Some of you have the luxury of being able to self-quarantine with your loved ones, and we all thank you. Some of us still need to be out in the real world saving people, and we all thank you too. This blog post, however, isn’t to inform you about anything related to COVID-19 and human health. For that you can look here. This blog is meant to address your animals’ health during this time.
I know that some of you are worried about your animals getting infected. Though we don’t know everything about this virus, veterinary experts say it is highly unlikely to infect or sicken pets.
What I want to discuss is the quality-of-life needs for your pets, particularly dogs, which depend on social interactions with other dogs and people to relieve boredom and anxiety. All the basic points are applicable to cats too, though the cats that go outside and meet people and other cats are rare.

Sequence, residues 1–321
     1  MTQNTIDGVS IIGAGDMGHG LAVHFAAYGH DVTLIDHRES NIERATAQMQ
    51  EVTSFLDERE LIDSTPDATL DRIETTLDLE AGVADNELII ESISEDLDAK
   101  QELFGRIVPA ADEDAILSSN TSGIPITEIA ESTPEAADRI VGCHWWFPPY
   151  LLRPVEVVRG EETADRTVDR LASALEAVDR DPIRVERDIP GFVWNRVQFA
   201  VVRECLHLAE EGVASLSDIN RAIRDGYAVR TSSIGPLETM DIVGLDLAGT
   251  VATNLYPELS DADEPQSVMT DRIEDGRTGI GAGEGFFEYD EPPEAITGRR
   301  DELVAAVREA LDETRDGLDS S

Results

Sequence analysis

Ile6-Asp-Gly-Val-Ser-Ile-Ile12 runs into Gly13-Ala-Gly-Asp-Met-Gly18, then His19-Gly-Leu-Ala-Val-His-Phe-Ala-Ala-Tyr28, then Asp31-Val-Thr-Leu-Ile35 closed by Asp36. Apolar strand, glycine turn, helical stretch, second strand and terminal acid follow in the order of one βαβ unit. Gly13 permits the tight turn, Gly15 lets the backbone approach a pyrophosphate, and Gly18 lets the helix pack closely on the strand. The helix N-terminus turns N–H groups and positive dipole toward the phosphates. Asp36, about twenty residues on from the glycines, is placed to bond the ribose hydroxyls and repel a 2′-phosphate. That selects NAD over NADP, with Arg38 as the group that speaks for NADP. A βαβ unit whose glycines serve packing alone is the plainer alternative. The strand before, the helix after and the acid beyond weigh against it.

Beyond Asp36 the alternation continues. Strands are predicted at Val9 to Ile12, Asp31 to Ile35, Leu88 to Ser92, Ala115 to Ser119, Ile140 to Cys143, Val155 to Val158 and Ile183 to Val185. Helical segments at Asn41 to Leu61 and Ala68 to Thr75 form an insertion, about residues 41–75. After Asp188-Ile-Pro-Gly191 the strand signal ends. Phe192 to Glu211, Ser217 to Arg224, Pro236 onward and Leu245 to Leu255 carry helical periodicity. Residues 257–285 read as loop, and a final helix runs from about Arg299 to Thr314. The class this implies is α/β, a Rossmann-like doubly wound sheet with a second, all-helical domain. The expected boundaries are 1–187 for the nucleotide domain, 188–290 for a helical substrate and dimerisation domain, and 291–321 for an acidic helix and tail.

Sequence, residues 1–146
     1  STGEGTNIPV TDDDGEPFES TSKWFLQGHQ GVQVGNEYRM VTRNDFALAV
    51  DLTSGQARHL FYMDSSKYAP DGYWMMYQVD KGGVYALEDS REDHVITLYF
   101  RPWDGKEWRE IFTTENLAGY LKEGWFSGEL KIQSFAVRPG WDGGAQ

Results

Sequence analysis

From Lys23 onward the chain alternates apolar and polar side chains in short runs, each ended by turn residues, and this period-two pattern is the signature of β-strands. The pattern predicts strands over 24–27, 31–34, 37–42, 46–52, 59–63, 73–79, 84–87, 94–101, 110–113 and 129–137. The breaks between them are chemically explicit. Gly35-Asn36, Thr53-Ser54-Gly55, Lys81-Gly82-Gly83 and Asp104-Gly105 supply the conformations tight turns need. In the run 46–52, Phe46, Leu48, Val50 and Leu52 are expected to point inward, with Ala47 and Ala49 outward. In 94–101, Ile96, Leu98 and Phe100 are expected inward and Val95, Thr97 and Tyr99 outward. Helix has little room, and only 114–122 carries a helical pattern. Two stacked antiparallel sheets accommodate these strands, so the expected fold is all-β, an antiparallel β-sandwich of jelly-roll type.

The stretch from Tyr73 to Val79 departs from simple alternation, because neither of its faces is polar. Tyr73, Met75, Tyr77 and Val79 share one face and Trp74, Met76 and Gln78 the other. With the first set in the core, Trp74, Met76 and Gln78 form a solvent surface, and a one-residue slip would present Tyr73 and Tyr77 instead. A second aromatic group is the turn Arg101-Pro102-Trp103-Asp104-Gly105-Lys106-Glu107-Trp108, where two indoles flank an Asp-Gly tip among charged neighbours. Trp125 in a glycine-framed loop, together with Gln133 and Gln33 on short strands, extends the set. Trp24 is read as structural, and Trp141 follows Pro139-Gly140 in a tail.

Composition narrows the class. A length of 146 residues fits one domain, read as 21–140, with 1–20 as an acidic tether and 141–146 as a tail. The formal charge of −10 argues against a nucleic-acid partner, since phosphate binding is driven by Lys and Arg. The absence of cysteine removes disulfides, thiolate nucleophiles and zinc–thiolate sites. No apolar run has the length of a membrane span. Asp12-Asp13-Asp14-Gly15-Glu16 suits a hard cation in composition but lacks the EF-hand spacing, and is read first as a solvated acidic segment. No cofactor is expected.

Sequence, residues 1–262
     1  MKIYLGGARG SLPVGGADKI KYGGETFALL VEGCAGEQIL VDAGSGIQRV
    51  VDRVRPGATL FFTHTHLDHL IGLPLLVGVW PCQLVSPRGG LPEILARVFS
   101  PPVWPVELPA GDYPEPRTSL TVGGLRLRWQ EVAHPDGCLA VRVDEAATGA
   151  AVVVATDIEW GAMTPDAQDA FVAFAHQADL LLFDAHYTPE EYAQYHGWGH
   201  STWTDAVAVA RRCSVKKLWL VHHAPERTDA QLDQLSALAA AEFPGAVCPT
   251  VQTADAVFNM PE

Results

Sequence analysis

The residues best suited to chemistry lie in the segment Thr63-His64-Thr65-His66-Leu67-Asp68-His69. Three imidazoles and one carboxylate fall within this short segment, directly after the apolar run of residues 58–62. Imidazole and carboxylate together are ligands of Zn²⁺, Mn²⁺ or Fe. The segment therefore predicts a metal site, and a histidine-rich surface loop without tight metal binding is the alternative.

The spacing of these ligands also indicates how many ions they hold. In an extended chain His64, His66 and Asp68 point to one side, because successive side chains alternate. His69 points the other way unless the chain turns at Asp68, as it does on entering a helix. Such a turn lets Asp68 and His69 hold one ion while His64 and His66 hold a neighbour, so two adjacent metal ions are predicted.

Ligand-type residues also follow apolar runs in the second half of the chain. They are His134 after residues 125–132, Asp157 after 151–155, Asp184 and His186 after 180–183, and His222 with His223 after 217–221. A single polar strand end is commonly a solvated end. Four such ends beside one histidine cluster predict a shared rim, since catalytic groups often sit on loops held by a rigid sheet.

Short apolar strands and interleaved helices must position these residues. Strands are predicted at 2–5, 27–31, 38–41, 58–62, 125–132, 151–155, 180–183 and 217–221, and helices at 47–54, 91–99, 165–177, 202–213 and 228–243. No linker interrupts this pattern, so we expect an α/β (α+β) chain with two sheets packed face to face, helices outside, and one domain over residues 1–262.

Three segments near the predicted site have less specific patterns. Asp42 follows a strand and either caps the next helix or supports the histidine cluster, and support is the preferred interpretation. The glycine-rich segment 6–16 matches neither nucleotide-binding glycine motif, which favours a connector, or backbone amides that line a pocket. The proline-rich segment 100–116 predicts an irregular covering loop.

We are all home (hopefully) now. As much as social interactions need to be at a minimum to help flatten the infectious curve, being outside is not unsafe. Walking your dog is not something you should avoid. In fact, strolling through the streets offers a great opportunity for quiet and reflection. What you need to be careful about, though, is stopping to talk to others and going to dog parks or places where humans congregate. Which in turn means that your dog’s social needs may go unmet.
So how can your dog’s and cat’s cabin fever be remedied?
- Attention. Because you are managing your two children who are home from CPS, trying to keep up on how many celebrities are positive, and Google-deep-diving whether coronavirus can be transmitted through ESP, you may not think that spending 10 minutes here and there playing tug-o-war with your dog is a priority. But don’t underestimate the stress dogs can pick up on. Even a small amount of attention can help them through this.